“Can’t you just kill one for us, man?” Allen said. “You could kill one now and save it for later. It’ll still be fresh. People are gonna order turkey tonight again.”

“He’s not gonna kill one for our amusement,” I said and shook my head.

“I wouldn’t kill one for your amusement, but I would kill one for your education, to teach you something . . . Why not? They’re going anyway.” He looked us over. “I think curiosity is a good thing. I don’t think there’s anything wrong with wanting to see something like that. That’s really good that you boys want to see this.”

Allen saw his chance. “You’re right sir. In a huge way you’d be like a teacher, showing us an important part of life . . . death too, I guess. I think it would be good for us.”

The waiter really thought about what Allen said. His mother smiled at me and I wished it was my mom instead and that she was winking at me.

“Manny,” the waiter shouted. He was staring at the turkey pen just like my little brother was.

We waited. I was about to protest and Allen saw that I was going to say something and I knew the shit I would hear if I ruined this for him.

When Manny came out I was surprised to see he was a short, skinny man with two matching moles on both sides of his face. In my head, he was husky and very angry and had thick blue veins glowing out of his neck.

“What is it?” Manny said to the waiter.

“We got a turkey order.” The waiter nodded to Allen.

Manny nodded and walked to the pen and opened the latch.

“Wait, Manny. Slow it down…I’m leading a fucking class expedition here. I’m teaching these kids something, man, I really am. I want to walk them through the process of all this shit we do.”

Manny slowed down like he was a tool in the waiter’s pocketknife and said, “Teaching the kids? That’s good. I like that idea …Does that make me the teacher’s pet?”

The waiter shook his head. “Why would that make you the teacher’s pet? You’re more like a student, doing what he’s told to do.”

Manny nodded. He was hurt by this. I felt bad for him and I felt bad that in my head he was so big and angry but here in life, he was small and sad.

“Pick a turkey,” the waiter said to Allen.

Allen moved my kid brother to the side to get a nice picture. I wasn’t sure what he was looking for but it took him a long minute to find the turkey he wanted to watch die.

“Right there.” He pointed to a turkey pecking at the grass. Every ten seconds a ghost called his name and that turkey would look up.

“Manny, get that one turkey. Make sure it’s the one the kids want.” He slowly nodded to Allen like there was a song playing in his head.

I went back over to the window and saw our parents drinking their after dinner drinks and none of them paid me any attention. I thought about going back inside and sitting at the table. But really, there was some curiosity about watching that turkey get slaughtered. I kind of wanted to see it and I felt wrong but not as wrong as I thought I should. I walked back over to the pen and watched skinny Manny go up to the turkeys. They backed away and shouted at him. Manny was good though, he was quick and he took Allen’s turkey by the neck and cradled it in his arms. Allen and my kid brother watched on. This was a movie to them. I guess it was to me as well.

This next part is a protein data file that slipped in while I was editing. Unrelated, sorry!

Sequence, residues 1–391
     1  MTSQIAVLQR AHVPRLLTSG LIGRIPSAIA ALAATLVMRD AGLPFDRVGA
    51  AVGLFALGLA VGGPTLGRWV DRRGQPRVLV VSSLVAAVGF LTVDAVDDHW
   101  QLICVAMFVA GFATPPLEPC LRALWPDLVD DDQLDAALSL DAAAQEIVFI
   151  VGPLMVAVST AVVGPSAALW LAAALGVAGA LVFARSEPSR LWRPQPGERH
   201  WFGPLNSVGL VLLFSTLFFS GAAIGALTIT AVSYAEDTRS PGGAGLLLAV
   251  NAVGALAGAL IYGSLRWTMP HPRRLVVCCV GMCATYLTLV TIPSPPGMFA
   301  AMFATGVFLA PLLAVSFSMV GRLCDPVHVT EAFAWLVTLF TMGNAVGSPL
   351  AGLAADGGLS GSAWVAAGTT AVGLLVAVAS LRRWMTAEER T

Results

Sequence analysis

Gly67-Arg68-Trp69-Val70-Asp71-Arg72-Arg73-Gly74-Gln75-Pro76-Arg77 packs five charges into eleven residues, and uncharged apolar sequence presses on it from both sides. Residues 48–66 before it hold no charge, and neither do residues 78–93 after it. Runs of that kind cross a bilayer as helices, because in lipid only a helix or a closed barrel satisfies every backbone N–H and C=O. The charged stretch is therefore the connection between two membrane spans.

“Alright, let’s go kids,” said the waiter.

“Where?” I asked. I thought this would be quick and that he would just twist the bird’s neck there in the pen in front of his friends.

He pointed towards my tree and right near it was a small shack. I hadn’t noticed this shack before. It wasn’t bigger than nine feet or wider by twenty.

We walked. Manny first with the struggling bird, who really did have some handsome feathers, Allen second, my kid brother and I third, and the waiter behind us. We passed the restaurant window again and I didn’t want to look in just in case I made eye contact with them.

“Think of this as the school bus ride before the field trip,” our waiter said. He really had this notion he was our chaperone on a class trip.

Allen heard him and did the universal sign for getting a trucker to honk their horn. But this was no class trip and there were no truckers around.

We went into the shack that had cooking supplies and cans and shelves of bags of food bulk. There were a few different sinks and a few cutting tables. The place was filthy. As soon as you entered you noticed all the stray feathers. There were feathers everywhere. I felt like I was inside a pillow. Feathers flew around, others stuck to the wall and bloody ones on the floor. Shoeprints had walked over them and cemented them in.

Manny was getting angry at the bird who was trying to run away but Manny had a great grip on him and the bird was stuck there inside those skinny arms.

“Alright, put him on the table,” our waiter said.

“I hope I picked the right bird,” Allen said. I didn’t know what that meant but he said it and he was thinking about something.

“Hey Allen, do you think I can I hold your pet?” my little brother said. I thought of before when he had rubbed his stomach.

Allen didn’t say anything, but handed the rock over to him. My kid brother rubbed the rock, petting it like it was a real pet.

“So class,” the waiter said. “This is the storage room, as you look around you’ll notice we keep a large supply of food around. Over on the left wall we—”